Age, Biography and Wiki

Gerd Ulrich Nienhaus was born on 1959 in Illinois. Discover Gerd Ulrich Nienhaus's Biography, Age, Height, Physical Stats, Dating/Affairs, Family and career updates. Learn How rich is He in this year and how He spends money? Also learn how He earned most of networth at the age of 64 years old?

Popular As N/A
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Age 64 years old
Zodiac Sign
Born 1959, 1959
Birthday 1959
Birthplace N/A
Nationality United States

We recommend you to check the complete list of Famous People born on 1959. He is a member of famous with the age 64 years old group.

Gerd Ulrich Nienhaus Height, Weight & Measurements

At 64 years old, Gerd Ulrich Nienhaus height not available right now. We will update Gerd Ulrich Nienhaus's Height, weight, Body Measurements, Eye Color, Hair Color, Shoe & Dress size soon as possible.

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Dating & Relationship status

He is currently single. He is not dating anyone. We don't have much information about He's past relationship and any previous engaged. According to our Database, He has no children.

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Gerd Ulrich Nienhaus Net Worth

His net worth has been growing significantly in 2022-2023. So, how much is Gerd Ulrich Nienhaus worth at the age of 64 years old? Gerd Ulrich Nienhaus’s income source is mostly from being a successful . He is from United States. We have estimated Gerd Ulrich Nienhaus's net worth , money, salary, income, and assets.

Net Worth in 2023 $1 Million - $5 Million
Salary in 2023 Under Review
Net Worth in 2022 Pending
Salary in 2022 Under Review
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Gerd Ulrich Nienhaus Social Network




In 2009, Nienhaus joined the University of Karlsruhe (TH), which soon thereafter was incorporated into the Karlsruhe Institute of Technology (KIT), as a professor and director of the Institute of Applied Physics. There, he and his collaborators have established a strong research focus on the advancement of optical fluorescence microscopy methods for super-resolution imaging (stimulated emission depletion (STED) nanoscopy, single-molecule localization microscopy) and light-sheet microscopy, and their application to various biological problems. An important research area has been the study of the emission properties of nanoparticles as luminescence markers and their interactions with the biological environment. In collaboration with Andres Jäschke's lab at the University of Heidelberg, single-molecule studies have been performed to study RNA dynamics, and RNA aptamers for super-resolution imaging have been developed and characterized.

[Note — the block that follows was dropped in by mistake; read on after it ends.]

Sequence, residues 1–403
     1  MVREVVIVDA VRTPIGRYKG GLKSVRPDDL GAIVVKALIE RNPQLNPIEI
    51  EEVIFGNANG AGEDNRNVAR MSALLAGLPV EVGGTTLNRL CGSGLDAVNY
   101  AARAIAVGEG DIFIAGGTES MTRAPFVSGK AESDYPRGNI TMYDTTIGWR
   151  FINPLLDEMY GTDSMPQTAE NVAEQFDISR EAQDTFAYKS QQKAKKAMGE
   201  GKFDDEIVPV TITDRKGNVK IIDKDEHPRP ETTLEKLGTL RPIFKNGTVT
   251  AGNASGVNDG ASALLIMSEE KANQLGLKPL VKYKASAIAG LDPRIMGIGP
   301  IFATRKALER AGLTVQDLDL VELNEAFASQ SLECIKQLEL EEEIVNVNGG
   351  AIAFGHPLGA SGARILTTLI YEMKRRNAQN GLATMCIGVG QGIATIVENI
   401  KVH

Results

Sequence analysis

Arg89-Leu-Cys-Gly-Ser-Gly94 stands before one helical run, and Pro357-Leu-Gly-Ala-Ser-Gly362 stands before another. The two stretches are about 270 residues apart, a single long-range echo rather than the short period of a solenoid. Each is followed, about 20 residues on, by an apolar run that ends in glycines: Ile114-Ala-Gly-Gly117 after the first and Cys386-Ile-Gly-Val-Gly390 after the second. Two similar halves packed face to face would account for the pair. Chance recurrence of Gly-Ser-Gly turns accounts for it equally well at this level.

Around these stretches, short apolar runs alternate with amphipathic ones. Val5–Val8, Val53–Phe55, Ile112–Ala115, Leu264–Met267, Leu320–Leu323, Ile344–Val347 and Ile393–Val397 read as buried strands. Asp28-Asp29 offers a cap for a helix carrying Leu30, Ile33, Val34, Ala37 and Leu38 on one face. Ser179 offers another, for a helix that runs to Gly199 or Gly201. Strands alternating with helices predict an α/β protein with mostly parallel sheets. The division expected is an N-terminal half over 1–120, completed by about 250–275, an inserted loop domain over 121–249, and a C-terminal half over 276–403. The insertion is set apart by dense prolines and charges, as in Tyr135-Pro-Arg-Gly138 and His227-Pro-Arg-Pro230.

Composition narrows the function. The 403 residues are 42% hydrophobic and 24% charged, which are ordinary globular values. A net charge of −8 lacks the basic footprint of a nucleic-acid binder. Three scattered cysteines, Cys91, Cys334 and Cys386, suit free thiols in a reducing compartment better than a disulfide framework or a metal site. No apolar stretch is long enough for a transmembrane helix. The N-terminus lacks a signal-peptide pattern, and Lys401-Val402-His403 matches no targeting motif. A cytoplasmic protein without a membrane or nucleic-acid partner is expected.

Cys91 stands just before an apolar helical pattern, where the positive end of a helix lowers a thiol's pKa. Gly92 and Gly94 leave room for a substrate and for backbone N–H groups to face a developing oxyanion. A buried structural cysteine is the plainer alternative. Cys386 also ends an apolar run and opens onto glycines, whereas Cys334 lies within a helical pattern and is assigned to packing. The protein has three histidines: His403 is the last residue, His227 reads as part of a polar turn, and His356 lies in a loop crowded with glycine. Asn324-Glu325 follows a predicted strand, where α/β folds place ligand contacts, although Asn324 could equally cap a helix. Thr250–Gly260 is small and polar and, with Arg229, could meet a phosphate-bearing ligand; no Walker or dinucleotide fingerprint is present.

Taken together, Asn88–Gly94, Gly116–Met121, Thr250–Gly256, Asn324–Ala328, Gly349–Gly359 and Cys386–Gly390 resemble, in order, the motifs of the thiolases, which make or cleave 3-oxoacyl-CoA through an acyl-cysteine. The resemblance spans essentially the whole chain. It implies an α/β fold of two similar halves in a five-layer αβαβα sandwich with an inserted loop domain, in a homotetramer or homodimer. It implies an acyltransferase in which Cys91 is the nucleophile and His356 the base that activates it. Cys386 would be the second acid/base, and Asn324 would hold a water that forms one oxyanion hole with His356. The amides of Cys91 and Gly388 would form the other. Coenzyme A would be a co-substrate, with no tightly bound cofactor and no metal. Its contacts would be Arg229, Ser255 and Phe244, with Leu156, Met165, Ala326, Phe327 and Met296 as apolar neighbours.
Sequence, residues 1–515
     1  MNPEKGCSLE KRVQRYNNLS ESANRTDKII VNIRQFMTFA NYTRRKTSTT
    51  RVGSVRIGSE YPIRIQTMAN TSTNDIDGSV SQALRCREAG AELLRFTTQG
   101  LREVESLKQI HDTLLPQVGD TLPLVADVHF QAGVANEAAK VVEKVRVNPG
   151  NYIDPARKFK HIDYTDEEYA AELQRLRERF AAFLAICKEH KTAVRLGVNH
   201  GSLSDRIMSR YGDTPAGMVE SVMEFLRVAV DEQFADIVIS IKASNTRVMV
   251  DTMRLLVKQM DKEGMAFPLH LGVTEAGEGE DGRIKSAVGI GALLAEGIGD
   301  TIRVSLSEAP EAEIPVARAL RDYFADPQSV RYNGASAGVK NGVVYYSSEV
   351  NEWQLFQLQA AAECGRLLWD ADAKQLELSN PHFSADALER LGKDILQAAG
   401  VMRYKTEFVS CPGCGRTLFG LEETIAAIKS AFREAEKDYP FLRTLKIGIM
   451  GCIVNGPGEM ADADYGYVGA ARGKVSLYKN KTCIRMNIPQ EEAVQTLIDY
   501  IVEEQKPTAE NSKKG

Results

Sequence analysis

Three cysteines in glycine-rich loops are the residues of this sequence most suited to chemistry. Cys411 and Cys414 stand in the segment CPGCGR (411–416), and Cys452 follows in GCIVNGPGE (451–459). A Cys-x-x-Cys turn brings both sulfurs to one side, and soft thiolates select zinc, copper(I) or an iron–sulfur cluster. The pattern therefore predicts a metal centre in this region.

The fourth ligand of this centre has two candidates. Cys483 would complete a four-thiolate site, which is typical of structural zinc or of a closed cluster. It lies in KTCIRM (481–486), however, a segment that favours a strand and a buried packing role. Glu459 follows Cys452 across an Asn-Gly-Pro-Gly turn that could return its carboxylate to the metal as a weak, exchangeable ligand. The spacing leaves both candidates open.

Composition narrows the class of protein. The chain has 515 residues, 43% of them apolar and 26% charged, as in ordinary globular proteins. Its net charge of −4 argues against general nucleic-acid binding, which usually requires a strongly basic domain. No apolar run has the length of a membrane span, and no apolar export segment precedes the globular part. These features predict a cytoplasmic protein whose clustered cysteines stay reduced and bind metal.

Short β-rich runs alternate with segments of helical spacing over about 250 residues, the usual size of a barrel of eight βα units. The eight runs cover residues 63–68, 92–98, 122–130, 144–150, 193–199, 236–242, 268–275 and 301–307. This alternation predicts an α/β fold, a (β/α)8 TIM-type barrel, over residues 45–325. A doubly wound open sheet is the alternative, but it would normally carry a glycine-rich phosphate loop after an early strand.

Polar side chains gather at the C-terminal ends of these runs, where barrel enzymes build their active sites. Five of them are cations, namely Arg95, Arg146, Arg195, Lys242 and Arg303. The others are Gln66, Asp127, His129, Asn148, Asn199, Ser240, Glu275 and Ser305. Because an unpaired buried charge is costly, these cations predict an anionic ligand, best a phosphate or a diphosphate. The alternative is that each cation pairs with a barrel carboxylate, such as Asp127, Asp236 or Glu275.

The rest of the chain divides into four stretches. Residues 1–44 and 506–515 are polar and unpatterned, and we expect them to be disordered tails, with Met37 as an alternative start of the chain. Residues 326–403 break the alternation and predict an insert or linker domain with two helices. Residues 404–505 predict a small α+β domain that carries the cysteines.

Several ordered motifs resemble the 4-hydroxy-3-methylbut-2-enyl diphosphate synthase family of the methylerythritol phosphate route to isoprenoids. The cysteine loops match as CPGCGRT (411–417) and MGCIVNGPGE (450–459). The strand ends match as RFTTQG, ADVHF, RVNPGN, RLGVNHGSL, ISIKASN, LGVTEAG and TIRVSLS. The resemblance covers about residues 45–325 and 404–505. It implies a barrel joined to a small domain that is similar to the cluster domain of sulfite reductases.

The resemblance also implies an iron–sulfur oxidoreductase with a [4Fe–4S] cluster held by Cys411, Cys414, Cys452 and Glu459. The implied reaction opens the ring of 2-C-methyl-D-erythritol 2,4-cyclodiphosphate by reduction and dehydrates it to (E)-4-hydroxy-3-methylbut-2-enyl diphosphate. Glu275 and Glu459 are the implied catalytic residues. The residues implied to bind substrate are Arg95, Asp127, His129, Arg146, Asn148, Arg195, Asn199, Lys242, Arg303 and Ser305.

In 1996, he accepted an offer to become head and professor of the Department of Biophysics, University of Ulm. There, he continued his research on heme proteins, studying ligand migration within these proteins and its effects on the ligand binding function. He further expanded his portfolio of biophysical methods to include fluorescence correlation spectroscopy and single molecule fluorescence microscopy. In 1999, he took a sabbatical to study RNA dynamics with single molecule FRET in Steve Chu’s laboratory at Stanford University. In Ulm, together with Jörg Wiedenmann, he began to characterize and further develop novel members of the green fluorescent protein family, including EosFP, IrisFP, eqFP611, and mRuby.


At the University of Illinois, Nienhaus was promoted to research assistant professor (1991), assistant professor of physics (1992) and biophysics (1993) and associate professor with tenure (1996). In this period, his laboratory carried on with studies of ligand binding and protein dynamics, mainly on heme proteins. Since 1997, he has been appointed as an adjunct professor.


After brief postdoctoral stints at the Universities of Münster and Mainz, working on Mössbauer absorption spectroscopy with extremely wide energy windows, Nienhaus moved to the Physics Department of the University of Illinois at Urbana-Champaign in early 1990 as a Feodor Lynen Fellow of the Alexander von Humboldt Foundation. There, he joined the laboratory of Hans Frauenfelder to pursue time-resolved UV-VIS and infrared studies of ligand binding and protein dynamics.


Nienhaus studied Physics and Physical Chemistry at the University of Münster, where he received his Diploma in Physics in 1983. In 1988, he earned his PhD in Physical Chemistry with a dissertation entitled (translated from German) "Investigation of protein structure and dynamics: x-ray and γ-ray scattering with spatially sensitive proportional counters". For this research in Fritz Parak's laboratory, he developed large multi-wire proportional counters with spherical drift chambers, which had high long-term stability to enable collection of x-ray and γ-ray crystal diffraction data over many weeks.


Gerd Ulrich "Uli" Nienhaus (born 1959) is a German physicist who is a professor and director of the Institute of Applied Physics, Karlsruhe Institute of Technology (KIT). At the KIT, he is also affiliated with the Institute of Nanotechnology, Institute of Biological and Chemical Systems, and Institute of Physical Chemistry, and he is an adjunct professor at the University of Illinois at Urbana-Champaign.